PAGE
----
In settings where face coverings are required in England, there are some circumstances where people may not be able to wear a face covering. Some people are less able to wear face coverings, the reasons for this may not be visible to others.
This includes (but is not limited to):
- children under the age of 11 (Public Health England does not recommend face coverings for children under the age of 3 for health and safety reasons)
- people who cannot put on, wear or remove a face covering because of a physical or mental illness or impairment, or disability
- where putting on, wearing or removing a face covering will cause you severe distress
- if you are speaking to or providing assistance to someone who relies on lip reading, clear sound or facial expressions to communicate
- to avoid harm or injury, or the risk of harm or injury, to yourself or others ‒ including if it would negatively impact on your ability to exercise or participate in a strenuous activity
- police officers and other emergency workers, given that this may interfere with their ability to serve the public
There are also scenarios when you are permitted to remove a face covering:
- if asked to do so in a bank, building society, or post office for identification
- if asked to do so by shop staff or relevant employees for identification, for assessing health recommendations (for example by a pharmacist), or for age identification purposes including when buying age restricted products such as alcohol
- if required in order to receive treatment or services, for example when getting a facial
- in order to take medication
- if you are delivering a sermon or prayer in a place or worship
- if you are the persons getting married in a relevant place
- if you are aged 11 to 18 attending a faith school and having lessons in a place of worship as part of your core curriculum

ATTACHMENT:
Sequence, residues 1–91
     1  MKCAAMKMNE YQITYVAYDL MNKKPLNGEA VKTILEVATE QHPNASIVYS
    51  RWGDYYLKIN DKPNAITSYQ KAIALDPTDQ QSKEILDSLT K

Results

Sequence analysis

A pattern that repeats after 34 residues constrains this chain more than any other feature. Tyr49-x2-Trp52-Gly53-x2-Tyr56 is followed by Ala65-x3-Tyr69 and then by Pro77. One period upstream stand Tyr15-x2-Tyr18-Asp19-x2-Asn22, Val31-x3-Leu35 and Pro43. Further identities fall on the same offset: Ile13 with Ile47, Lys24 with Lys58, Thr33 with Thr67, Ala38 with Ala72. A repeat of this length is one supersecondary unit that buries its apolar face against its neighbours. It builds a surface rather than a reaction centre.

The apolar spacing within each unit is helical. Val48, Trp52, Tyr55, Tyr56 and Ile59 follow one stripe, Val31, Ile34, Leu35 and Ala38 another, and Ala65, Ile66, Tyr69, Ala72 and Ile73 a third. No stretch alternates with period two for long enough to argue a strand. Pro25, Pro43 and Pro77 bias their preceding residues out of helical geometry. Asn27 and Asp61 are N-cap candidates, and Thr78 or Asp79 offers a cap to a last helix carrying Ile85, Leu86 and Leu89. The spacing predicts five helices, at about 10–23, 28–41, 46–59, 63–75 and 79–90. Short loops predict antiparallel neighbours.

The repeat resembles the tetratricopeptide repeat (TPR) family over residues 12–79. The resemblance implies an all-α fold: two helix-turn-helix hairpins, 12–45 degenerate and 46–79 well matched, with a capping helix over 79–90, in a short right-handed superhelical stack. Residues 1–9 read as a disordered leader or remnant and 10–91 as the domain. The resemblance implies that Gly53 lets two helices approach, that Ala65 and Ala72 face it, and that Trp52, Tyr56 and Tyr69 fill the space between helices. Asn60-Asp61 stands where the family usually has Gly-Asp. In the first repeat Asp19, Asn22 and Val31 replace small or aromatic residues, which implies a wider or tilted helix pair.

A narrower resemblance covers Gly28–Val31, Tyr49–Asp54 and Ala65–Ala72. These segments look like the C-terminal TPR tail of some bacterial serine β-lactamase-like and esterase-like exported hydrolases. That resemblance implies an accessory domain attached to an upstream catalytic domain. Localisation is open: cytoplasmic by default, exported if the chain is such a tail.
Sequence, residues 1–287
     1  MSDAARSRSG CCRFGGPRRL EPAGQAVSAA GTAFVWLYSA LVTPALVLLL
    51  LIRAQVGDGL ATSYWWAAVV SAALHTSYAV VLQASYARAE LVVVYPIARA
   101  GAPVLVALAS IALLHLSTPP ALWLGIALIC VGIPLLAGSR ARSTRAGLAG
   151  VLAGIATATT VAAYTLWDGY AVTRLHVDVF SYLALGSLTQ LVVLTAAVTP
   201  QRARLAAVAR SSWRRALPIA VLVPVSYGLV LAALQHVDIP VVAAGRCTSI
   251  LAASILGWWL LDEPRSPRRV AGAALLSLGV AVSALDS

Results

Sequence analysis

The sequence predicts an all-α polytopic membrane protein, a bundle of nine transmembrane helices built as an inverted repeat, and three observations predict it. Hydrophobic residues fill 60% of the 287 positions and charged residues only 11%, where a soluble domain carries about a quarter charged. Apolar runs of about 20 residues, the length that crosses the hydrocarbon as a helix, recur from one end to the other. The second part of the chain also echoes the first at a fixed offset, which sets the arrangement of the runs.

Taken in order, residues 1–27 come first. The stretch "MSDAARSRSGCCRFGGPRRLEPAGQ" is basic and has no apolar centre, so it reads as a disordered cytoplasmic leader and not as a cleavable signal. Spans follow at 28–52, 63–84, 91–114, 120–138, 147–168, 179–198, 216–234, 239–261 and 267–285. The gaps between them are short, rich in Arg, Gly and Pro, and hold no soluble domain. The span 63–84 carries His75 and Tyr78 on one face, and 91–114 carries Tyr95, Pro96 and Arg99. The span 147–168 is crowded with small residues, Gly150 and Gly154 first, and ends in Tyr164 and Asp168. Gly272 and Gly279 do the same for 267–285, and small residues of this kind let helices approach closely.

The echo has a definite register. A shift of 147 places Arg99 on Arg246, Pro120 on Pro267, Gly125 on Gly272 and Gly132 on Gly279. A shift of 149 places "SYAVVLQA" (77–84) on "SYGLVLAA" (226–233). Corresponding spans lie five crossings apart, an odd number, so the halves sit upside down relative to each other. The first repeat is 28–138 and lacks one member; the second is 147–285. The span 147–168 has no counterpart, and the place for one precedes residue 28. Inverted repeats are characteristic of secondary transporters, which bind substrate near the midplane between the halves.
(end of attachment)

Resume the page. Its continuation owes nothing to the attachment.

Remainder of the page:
- if you are undertaking exercise or an activity and it would negatively impact your ability to do so
- if you are an elite sports person, professional dancer or referee acting in the course of your employment
- when seated to eat or drink in a hospitality premise such as a pub, bar, restaurant or cafe. You must put a face covering back on once you finish eating or drinking
The government’s guidance for keeping workers and customers safe during COVID-19 in restaurants, pubs, bars and takeaway services clearly advises that designated indoor seating areas for customers to eat or drink should at this time only be open for table service, where possible, alongside additional infection control measures.
Those who have an age, health or disability reason for not wearing a face covering should not be routinely asked to give any written evidence of this, this includes exemption cards. No person needs to seek advice or request a letter from a medical professional about their reason for not wearing a face covering.
Some people may feel more comfortable showing something that says they do not have to wear a face covering. This could be in the form of an exemption card, badge or even a home-made sign.
This is a personal choice and is not necessary in law.